The Social Security Administration’s Disability benefits system is fraught with unclear requirements and a long and confusing application process. This is unfortunate as so many truly disabled workers have spent a working lifetime paying into the system, earning these needed benefits. To make matters worse, there are endless amounts of inaccurate and/or misleading information floating around the web. The purpose of this article is to clear up some of the most common myths about applying for Social Security Disability Insurance (SSDI) benefits.
I just became disabled, but since I am almost 62, I can qualify for early Social Security retirement benefits and the benefit amount is about the same so I will just wait.
While it certainly can be a “hassle” to apply for SSDI benefits, the benefit of being awarded SSD versus early retirement far outweighs the hassle, for most. When you elect to take early Social Security retirement benefits at age 62, you get a significantly reduced benefit – as much as 30% less. That is a substantial amount of money, especially stretched out over one’s life expectancy. The SSDI benefit, however, is essentially your full retirement benefit. Therefore, you if you find yourself in this situation, you should contact an SSDI attorney to discuss your options.
I am disabled due to a work-related injury, so I cannot apply for SSDI.
Even if your disability is work-related and you are receiving workers’ compensation disability benefits from your employer, you should still apply for SSDI in most situations if you believe you are disabled. In North Carolina, if you are receiving workers’ compensation disability benefits, you are likely receiving 66 2/3% of your former weekly wage. If you apply for and receive SSDI benefits, there will likely be an offset, but injured workers can typically get additional benefits through SSDI as you are allowed to receive up to 80% of your average current earnings when combining the SSDI and workers’ compensation benefits. Therefore, if you are currently receiving the 66 2/3% workers’ compensation benefit, qualifying for SSDI could mean you receive an additional benefit from SSDI to bring your combined benefit to 80% of your former wage. [Source]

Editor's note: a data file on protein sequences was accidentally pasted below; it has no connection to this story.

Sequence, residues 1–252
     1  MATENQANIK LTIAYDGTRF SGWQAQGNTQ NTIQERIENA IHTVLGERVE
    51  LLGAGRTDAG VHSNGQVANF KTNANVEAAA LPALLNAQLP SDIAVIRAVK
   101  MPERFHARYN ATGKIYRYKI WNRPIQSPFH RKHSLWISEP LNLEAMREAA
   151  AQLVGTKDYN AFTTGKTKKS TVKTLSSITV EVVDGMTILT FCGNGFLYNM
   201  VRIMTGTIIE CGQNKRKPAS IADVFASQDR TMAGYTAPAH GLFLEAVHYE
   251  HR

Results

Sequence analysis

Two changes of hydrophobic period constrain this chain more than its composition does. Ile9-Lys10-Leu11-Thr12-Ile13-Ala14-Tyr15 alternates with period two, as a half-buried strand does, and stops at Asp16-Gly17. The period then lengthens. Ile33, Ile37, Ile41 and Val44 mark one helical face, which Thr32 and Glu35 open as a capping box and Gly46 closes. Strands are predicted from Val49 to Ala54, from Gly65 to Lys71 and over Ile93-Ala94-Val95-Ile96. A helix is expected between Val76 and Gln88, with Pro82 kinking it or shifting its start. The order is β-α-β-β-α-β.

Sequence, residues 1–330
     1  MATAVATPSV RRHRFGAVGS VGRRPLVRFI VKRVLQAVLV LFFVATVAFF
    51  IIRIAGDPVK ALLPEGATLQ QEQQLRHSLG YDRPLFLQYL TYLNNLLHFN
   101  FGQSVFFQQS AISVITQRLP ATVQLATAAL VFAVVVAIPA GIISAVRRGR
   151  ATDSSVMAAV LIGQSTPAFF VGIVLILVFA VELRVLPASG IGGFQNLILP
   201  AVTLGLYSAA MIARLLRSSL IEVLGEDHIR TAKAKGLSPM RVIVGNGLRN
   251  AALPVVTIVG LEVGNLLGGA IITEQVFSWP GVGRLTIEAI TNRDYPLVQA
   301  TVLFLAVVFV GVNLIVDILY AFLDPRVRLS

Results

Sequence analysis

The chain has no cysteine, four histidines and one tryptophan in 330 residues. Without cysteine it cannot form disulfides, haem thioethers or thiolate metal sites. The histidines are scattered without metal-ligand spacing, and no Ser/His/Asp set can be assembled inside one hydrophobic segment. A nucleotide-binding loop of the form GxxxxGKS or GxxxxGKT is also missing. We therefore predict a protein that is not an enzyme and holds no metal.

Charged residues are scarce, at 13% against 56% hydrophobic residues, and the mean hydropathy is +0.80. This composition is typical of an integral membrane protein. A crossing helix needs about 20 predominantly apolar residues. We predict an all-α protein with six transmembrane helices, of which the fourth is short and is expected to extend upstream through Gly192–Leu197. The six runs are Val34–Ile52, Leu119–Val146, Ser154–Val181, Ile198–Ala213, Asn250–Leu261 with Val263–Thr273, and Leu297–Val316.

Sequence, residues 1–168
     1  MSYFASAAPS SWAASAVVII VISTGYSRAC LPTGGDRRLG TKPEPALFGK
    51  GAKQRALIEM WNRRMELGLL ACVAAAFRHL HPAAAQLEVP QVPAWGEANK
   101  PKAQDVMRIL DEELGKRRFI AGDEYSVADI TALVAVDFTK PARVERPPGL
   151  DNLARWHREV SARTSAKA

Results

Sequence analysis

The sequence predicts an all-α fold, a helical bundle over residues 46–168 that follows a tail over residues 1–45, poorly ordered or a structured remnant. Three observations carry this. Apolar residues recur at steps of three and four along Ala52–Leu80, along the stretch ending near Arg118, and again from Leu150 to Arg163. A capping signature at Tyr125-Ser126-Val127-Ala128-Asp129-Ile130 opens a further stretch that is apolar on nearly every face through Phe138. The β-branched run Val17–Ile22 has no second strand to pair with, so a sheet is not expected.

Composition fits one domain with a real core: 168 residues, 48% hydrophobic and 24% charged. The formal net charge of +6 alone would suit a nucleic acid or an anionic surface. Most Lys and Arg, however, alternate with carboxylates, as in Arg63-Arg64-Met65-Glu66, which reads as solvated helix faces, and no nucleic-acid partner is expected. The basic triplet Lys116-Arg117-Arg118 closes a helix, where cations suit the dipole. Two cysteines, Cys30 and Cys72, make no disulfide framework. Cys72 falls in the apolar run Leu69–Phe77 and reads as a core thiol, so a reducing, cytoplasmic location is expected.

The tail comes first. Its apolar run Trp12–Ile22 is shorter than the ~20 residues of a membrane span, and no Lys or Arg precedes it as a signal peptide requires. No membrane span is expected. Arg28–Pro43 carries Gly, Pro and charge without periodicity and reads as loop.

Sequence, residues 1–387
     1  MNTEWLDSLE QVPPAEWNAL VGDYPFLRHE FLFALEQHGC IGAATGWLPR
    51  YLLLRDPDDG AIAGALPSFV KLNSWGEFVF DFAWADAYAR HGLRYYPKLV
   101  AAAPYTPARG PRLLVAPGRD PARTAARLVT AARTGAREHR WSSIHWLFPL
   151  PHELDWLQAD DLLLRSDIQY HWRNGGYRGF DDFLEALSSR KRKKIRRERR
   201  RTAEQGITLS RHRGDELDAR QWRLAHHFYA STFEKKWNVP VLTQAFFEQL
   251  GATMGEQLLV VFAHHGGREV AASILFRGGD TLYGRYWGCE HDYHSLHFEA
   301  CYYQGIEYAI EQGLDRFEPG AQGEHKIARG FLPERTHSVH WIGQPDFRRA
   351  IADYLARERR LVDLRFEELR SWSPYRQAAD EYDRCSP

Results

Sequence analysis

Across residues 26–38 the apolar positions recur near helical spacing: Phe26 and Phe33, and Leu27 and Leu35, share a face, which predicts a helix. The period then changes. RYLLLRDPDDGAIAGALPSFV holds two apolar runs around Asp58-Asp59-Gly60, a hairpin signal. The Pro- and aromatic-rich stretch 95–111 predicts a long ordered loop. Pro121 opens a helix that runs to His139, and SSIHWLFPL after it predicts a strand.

I am disabled, but don’t want to apply for SSDI because it’s a government handout.
Unfortunately, this is a very common belief, but it couldn’t be further from the truth. You may have noticed that on your paychecks you pay a tax called “FICA” (Federal Insurance Contributions Act). You have likely been paying this ever since you started working. It’s an insurance policy, in essence, and if you become disabled, you get an SSDI benefit in an amount which is determined by how much you have paid into the system throughout your working life. Individuals who have never worked cannot qualify for SSDI benefits because they have not paid FICA taxes throughout their working lives. In other words, this should never be considered a “handout.” Whatever benefits you qualify for, you have earned.
I am disabled, but still young, so I cannot qualify for SSDI.
While it is more difficult to get awarded SSDI benefits at a young age, it is certainly not impossible, and Wallace & Graham has helped a number of clients under the age of 40 get awarded SSDI.
I cannot afford a Social Security Disability attorney.
Our law firm offers free consultations to anyone wanting to discuss their options regarding SSDI. Moreover, the only way your attorney gets paid is if you get awarded SSDI which will be paid directly to your attorney by the Social Security Administration out of your past-due benefits.